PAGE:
Known as clostridium difficile or C. difficile, this bacteria can cause a wide range of problems 1. These may be simple, such as diarrhea, or they may be life-threatening problems, such as colon inflammation. The Mayo Clinic states infections from C. difficile often occur in elderly people, particularly those in hospitals and nursing homes 1. In these cases, the infections often occur following antibiotic use. The rate of infection is on the rise in the United States.
Diarrhea and Cramps
When the C. difficile bacterium infects you, it typically causes your bowels to become unbalanced 1. With moderate and mild infections, you may experience watery diarrhea. You may need to defecate more than three times each day, and the condition may last more than two days, the Mayo Clinic reports 1. You also may feel mild tenderness and cramps in your abdominal area. If you have a more severe infection, your watery diarrhea may send you running to the bathroom 10 to 15 times in one day. You also may get severe pain and cramps in your abdomen. Severe diarrhea may cause your body to lose too much liquid and lead to dehydration.
- When the C. difficile bacterium infects you, it typically causes your bowels to become unbalanced 1.
- You also may feel mild tenderness and cramps in your abdominal area.
Diverticulitis Flare-Up Symptoms
If you have a severe C. difficile infection, it can affect your eating habits 1. It may be hard to eat normally if you are forced into the bathroom as much as 15 times in a day, so you may lose your appetite. You also may feel queasiness or nausea if you have a severe infection. Because of these problems and the fact that you may be flushing your system because of the diarrhea, you may lose weight, the Mayo Clinic reports 1.
Stool Problems and Fever
C. difficile infections also may cause other problems with your system 1. Because it can induce inflammation in your colon—called colitis—or create patches of raw tissue that bleed—called pseudomenbranous colitis—you may see blood in your stools. There also may be a component of pus in your stools. The infection also may cause a fever, which may make you feel warm all over, make you sweat or give you the chills.
- C. difficile infections also may cause other problems with your system 1.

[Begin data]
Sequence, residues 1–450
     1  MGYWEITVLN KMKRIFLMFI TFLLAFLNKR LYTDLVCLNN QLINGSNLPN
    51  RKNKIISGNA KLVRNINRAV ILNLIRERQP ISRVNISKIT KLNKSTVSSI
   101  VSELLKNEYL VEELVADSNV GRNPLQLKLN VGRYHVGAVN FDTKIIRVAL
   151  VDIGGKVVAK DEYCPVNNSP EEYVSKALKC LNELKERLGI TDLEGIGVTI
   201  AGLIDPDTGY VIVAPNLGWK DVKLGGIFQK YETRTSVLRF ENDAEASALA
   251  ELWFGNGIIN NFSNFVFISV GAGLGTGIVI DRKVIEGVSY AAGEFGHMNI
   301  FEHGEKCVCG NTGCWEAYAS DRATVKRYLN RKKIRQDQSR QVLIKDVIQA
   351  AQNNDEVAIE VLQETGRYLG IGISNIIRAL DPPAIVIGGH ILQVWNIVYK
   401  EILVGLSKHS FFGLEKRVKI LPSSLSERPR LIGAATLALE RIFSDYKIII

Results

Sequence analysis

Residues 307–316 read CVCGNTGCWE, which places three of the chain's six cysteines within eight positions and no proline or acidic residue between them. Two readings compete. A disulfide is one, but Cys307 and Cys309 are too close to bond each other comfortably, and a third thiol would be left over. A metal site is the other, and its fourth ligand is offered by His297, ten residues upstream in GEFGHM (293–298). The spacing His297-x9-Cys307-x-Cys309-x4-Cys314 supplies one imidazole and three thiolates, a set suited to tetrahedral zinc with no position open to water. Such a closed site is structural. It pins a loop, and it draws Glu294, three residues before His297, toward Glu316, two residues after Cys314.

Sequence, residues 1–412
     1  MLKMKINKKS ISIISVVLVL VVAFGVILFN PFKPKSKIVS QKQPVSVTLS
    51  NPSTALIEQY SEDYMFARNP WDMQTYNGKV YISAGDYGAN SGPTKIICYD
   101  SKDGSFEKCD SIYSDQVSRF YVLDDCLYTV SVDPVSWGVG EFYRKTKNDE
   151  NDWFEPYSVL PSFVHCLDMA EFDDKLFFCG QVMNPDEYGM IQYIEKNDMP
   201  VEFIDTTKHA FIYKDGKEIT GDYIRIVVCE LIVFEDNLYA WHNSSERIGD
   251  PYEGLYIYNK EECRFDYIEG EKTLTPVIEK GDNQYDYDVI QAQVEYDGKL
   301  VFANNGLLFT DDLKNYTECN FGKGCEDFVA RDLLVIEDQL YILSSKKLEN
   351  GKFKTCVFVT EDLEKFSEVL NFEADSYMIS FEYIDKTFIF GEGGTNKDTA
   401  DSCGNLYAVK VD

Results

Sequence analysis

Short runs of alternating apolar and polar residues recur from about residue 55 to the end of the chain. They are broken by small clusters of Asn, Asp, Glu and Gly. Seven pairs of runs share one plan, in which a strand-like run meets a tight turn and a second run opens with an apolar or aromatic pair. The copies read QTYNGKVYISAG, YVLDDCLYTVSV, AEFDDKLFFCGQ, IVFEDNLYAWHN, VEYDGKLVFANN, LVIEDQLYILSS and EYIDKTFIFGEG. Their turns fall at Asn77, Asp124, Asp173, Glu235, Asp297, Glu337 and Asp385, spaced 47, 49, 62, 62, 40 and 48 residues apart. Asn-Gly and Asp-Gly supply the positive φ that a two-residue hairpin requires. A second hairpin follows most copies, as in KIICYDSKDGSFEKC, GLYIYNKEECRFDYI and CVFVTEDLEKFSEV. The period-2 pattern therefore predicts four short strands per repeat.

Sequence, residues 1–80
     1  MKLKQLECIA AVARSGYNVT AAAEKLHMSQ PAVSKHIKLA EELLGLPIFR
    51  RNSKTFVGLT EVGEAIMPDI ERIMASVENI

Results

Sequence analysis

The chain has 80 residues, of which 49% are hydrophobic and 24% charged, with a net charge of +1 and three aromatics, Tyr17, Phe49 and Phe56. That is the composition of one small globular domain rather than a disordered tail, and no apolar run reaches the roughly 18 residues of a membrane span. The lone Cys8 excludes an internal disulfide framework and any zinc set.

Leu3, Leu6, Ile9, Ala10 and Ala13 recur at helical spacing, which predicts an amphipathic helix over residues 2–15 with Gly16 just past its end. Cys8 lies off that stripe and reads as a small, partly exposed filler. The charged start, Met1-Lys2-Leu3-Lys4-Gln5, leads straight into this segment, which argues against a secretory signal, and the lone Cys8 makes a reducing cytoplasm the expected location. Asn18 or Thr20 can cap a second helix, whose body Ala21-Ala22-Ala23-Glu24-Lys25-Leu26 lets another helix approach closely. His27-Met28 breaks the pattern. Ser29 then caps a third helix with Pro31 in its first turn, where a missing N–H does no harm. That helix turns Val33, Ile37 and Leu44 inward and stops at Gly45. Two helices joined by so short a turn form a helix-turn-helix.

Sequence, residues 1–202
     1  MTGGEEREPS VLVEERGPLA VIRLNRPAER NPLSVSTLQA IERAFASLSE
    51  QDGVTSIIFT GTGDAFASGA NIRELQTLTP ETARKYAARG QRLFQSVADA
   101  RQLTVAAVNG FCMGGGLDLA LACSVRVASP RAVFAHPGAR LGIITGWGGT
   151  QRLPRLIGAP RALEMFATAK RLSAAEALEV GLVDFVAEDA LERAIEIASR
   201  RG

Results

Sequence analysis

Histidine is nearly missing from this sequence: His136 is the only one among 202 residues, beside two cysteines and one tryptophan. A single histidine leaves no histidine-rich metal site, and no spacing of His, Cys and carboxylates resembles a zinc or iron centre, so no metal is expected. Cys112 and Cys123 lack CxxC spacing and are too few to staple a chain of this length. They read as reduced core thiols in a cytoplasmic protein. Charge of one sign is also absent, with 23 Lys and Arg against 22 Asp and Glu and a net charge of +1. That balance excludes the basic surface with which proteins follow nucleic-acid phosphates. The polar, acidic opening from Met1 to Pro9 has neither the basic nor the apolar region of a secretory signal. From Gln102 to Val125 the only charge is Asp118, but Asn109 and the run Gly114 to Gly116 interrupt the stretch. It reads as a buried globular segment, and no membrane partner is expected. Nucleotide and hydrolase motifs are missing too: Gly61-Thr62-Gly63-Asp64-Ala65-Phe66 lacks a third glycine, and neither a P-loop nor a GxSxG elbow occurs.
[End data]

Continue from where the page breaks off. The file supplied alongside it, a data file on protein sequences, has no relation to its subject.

- There also may be a component of pus in your stools.
Diverticulitis Flare-Up Symptoms
Home Remedies for Diarrhea Caused by Antibiotics
Parasites & Weight Loss
The Side Effects of Potassium Chloride 10 mEq
Symptoms of Lymphoproliferative Disease
How to Treat an Infection After a Cut
How to Know If a UTI is Gone
Urinary Infections Caused by Klebsiella
Which Is Best: Psyllium or Unprocessed Wheat Bran?
Benefiber & Bloating
- Mayo Clinic: C. difficile
- National Institute of Health: Clostridium Difficile Infections
- Rajilić-Stojanović M, de Vos WM. The first 1000 cultured species of the human gastrointestinal microbiota. FEMS Microbiol Rev. 2014;38(5):996–1047. doi:10.1111/1574-6976.12075
- Di Bella S, Ascenzi P, Siarakas S, Petrosillo N, di Masi A. Clostridium difficile Toxins A and B: Insights into Pathogenic Properties and Extraintestinal Effects. Toxins (Basel). 2016;8(5):134. Published 2016 May 3. doi:10.3390/toxins8050134
- Henrich TJ, Krakower D, Bitton A, Yokoe DS. Clinical risk factors for severe Clostridium difficile-associated disease. Emerg Infect Dis. 2009;15(3):415–422. doi:10.3201/eid1503.080312
- Nitzan O, Elias M, Chazan B, Raz R, Saliba W. Clostridium difficile and inflammatory bowel disease: role in pathogenesis and implications in treatment. World J Gastroenterol. 2013;19(43):7577–7585. doi:10.3748/wjg.v19.i43.7577
- Navaneethan U, Mukewar S, Venkatesh PG, Lopez R, Shen B. Clostridium difficile infection is associated with worse long term outcome in patients with ulcerative colitis. J Crohns Colitis. 2012;6(3):330-336. doi:10.1016/j.crohns.2011.09.005
- Binion D. Clostridium difficile Infection and Inflammatory Bowel Disease. Gastroenterol Hepatol (N Y). 2016;12(5):334–337.
- Issa M, Ananthakrishnan AN, Binion DG. Clostridium difficile and inflammatory bowel disease. Inflamm Bowel Dis. 2008;14(10):1432-1442. doi:10.1016/j.cgh.2006.12.028
- Surawicz CM, Brandt LJ, Binion DG, et al. Guidelines for diagnosis, treatment, and prevention of Clostridium difficile infections. Am J Gastroenterol. 2013;108(4):478-98; quiz 499. doi:10.1038/ajg.2013.4
- Centers for Disease Control and Prevention. Clostridioides difficile Infection. National Center for Emerging and Zoonotic Infectious Diseases. Updated February 25, 2015.
- Anderson JL, Edney RJ, Whelan K. Systematic review: faecal microbiota transplantation in the management of inflammatory bowel disease. Aliment Pharmacol Ther. 2012;36(6):503-16. doi:10.1111/j.1365-2036.2012.05220.x
- Ananthakrishnan AN, Issa M, Binion DG. Clostridium difficile and inflammatory bowel disease. Gastroenterol Clin North Am. 2009;38(4):711-28. doi:10.1016/j.gtc.2009.07.003
- Ananthakrishnan AN. Clostridium difficile infection: epidemiology, risk factors and management. Nat Rev Gastroenterol Hepatol. 2011;8(1):17-26. doi.org:10.1038/nrgastro.2010.190
Carole Anne Tomlinson is a registered nurse with experience in rehabilitation, nutrition, chemical dependency, diabetes and health problems related to the elderly. Tomlinson holds a Bachelor of Arts in criminal justice and is presently working on her master's degree in nursing. Her screenplays have been viewed by Merchant Ivory, Angela Lansbury and Steven King's associates.